I was the Creative-Arts Day speaker at Tarleton State University in Stephenville, TX. This talk preceded the official release of TSU’s annual student art and literature publication, Anthology.
September 25, 2014
This semester I am teaching a pilot section of a course called First-Year Seminar here at Hardin-Simmons University. These small classes are led by three-person teams: the teacher, a librarian, and a peer mentor. While designed to help equip students for academic success and facilitate a smooth integration into university life, the content matter of the course varies from teacher to teacher. Teachers share with students one of their areas of interest from outside their primary field of academic expertise. This fall, First-Year Seminar topics include “The Disney Version” and “Seuss-cess”.
My course—titled “Seeing in Time”—focuses (intentional pun) on the art of photography. We are exploring the history of art photography and the masters of several photographic styles. We will visit a number of museums and enjoy visits from guest photographers. For instance, we attended a lecture by photogravure printer Jon Goodman at The Amon Carter Museum. Photographer Carrie Isaacson came to our class and talk about her work. Chief Curator Judy Deaton led us on a tour of Abilene’s marvelous Grace Museum and the new Keith Carter photography exhibit, Ordinary Mysteries.
My students have begun using their cameras to experiment with the elements of composition. Eventually, working as a group, they will produce and show a PowerPoint presentation of their work intended for a specific audience and purpose.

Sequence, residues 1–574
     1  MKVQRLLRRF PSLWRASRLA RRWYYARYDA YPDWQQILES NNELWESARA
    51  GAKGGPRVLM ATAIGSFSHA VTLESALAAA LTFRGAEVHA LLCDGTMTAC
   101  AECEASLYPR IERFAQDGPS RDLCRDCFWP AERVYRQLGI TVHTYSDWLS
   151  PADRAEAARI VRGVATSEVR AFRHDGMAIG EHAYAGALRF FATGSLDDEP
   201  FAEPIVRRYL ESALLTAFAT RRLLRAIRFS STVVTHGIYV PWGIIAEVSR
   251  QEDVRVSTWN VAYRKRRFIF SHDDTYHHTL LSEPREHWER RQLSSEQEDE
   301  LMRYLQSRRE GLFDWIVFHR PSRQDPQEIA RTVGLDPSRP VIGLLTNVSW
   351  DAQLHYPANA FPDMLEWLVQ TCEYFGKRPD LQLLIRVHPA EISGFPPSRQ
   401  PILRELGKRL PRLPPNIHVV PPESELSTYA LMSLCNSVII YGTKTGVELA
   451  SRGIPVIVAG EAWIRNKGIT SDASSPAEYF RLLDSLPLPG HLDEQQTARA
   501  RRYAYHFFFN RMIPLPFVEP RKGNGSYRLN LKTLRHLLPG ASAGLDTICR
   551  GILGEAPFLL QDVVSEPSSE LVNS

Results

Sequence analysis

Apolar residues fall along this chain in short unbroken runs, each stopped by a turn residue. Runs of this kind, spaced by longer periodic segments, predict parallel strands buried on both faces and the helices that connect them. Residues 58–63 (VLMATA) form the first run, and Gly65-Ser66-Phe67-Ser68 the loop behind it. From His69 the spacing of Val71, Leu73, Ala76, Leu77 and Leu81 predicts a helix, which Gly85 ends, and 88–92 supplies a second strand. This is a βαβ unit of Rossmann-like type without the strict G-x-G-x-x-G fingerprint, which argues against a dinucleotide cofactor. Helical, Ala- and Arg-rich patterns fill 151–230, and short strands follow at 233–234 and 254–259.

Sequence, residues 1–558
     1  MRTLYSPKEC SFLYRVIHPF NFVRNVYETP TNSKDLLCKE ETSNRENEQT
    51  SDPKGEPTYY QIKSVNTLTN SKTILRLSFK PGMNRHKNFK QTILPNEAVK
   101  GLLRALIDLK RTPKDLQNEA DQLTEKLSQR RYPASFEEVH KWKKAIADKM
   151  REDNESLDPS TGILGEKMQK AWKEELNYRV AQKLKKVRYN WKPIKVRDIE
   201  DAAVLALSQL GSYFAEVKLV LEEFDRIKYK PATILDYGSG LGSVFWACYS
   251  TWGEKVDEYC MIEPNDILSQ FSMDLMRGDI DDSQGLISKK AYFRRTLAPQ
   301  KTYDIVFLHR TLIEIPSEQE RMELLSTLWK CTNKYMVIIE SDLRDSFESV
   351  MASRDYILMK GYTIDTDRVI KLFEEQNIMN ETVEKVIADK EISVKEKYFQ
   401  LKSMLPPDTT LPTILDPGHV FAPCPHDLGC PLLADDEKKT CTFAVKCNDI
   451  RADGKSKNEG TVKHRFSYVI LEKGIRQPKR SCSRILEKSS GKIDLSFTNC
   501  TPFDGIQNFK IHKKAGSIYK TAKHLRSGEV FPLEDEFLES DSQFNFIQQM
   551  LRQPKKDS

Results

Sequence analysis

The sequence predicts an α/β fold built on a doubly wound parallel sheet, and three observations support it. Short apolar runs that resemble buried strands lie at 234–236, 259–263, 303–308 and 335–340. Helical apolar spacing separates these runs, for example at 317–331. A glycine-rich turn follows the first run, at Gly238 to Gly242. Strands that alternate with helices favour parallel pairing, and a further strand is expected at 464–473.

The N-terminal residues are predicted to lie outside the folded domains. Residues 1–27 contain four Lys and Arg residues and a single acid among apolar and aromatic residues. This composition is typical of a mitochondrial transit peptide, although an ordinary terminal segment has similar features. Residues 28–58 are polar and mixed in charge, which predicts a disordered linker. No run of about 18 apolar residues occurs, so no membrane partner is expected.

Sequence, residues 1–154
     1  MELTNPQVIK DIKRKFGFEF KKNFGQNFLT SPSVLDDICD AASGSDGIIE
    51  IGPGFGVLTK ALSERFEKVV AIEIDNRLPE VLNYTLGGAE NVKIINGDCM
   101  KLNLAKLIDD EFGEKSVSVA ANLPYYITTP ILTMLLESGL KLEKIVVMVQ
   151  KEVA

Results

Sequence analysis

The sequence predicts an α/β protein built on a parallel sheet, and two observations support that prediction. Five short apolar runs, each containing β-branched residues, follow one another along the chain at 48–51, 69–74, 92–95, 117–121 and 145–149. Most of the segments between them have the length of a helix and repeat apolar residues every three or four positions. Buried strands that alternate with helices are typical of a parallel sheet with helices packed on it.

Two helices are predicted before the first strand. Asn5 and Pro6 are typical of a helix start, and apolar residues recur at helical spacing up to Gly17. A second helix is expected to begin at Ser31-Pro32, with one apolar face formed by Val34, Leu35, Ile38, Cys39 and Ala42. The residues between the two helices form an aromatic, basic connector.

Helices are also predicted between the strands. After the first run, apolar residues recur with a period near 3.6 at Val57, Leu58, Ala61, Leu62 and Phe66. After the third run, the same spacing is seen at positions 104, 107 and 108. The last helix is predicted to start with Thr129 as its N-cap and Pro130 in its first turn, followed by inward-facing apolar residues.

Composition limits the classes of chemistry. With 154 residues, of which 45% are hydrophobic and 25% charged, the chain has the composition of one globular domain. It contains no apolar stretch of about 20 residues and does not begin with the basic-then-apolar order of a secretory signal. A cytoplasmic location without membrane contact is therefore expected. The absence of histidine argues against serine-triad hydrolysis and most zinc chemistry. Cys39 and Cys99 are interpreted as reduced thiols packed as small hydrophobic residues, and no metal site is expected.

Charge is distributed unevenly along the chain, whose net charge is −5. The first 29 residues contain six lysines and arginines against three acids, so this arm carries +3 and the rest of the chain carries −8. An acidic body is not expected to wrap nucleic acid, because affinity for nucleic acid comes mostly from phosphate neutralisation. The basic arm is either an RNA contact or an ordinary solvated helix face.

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My photograph, “Empire State Building, 2010”, was one of 43 pictures in the Texas Photography Society’s 26th Annual Members Only Show–opened September 13 at Islander Art Gallery, Corpus Christi through October 13, 2013. It received one of 5 honorable mentions among over 600 images judged by Elizabeth Krist, Senior Photo Editor for National Geographic.
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Fourteen of my photographs and an accompanying essay were published in the 2013-2014 issue of The Langdon Journal of the Arts in Texas, published by Tarleton State University.
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The exhibit, Timeless Paris: Street photography by Larry E. Fink, was on display for the month of September (2013) at the Dora Lee Langdon Cultural and Educational Center in Granbury, Texas. Below find the “Photographer’s Statement” that accompanies the exhibit:
T I M E L E S S P A R I S
Street Photography by Larry E. Fink